With rising temperatures, people living in regions across Africa that were once inhospitable to malaria-carrying mosquitoes, including the mountains of eastern Ethiopia and the slopes of Mount Kilimanjaro, could be newly exposed to the disease, according to latest studies on this topic.
As the temperature range where malaria-carrying mosquitoes thrive is rising in elevation as the planet warms and mosquitoes migrate slowly upward, scientists now worry people living in areas once inhospitable to the insects will now be exposed to malaria. For example, a study published in 2016 found the habitat for malaria-carrying mosquitoes had expanded in the high-elevation Mount Kilimanjaro region by hundreds of square kilometers in just 10 years. Lower altitudes, in contrast, are becoming too hot for the bugs. Most research on the trend focuses on Africa given the fact that 96% of malaria deaths in 2021 occurred in the continent.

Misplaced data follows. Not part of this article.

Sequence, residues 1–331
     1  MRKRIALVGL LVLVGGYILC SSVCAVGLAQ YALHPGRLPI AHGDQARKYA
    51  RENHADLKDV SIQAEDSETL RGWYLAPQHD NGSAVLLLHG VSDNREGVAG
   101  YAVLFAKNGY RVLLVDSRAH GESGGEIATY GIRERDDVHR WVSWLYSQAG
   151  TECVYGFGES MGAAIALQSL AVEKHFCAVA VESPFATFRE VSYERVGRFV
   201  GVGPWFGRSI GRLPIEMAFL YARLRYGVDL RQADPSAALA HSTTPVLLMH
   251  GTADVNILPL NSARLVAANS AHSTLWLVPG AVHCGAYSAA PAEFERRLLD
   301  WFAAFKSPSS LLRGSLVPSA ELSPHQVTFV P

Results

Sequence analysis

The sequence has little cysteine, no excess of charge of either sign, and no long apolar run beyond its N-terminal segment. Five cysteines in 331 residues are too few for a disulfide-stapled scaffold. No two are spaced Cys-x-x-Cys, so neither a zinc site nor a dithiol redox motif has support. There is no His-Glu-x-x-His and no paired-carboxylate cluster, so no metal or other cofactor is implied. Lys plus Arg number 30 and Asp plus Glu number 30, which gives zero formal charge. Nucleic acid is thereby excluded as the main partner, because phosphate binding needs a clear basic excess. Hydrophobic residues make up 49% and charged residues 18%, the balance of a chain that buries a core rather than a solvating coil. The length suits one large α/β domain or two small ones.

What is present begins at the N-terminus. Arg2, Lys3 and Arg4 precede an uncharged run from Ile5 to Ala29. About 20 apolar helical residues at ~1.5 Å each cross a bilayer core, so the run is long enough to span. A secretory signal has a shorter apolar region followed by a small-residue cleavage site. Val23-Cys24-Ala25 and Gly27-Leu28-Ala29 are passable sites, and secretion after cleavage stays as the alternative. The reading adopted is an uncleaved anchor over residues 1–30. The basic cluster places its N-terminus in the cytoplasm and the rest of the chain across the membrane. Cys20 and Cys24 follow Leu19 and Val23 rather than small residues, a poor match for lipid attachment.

Global deaths from malaria declined by 29% between 2002 and 2021 as countries have taken more aggressive tactics in fighting the disease. However, the numbers remain high, especially in Africa, where children under 5 years old account for 80% of all malaria deaths. The latest world malaria report from the WHO recorded 247 million cases of malaria in 2021 – Nigeria, the Democratic Republic of the Congo, Uganda and Mozambique alone accounted for almost half of those cases. “The link between climate change and expansion or change in mosquito distributions is real,” said Doug Norris, a specialist in mosquitoes at the Johns Hopkins Bloomberg School of Public Health. Despite this, uncertainty remains on the extent of how shifting mosquito populations will affect people in the future.
Source: The North Africa Post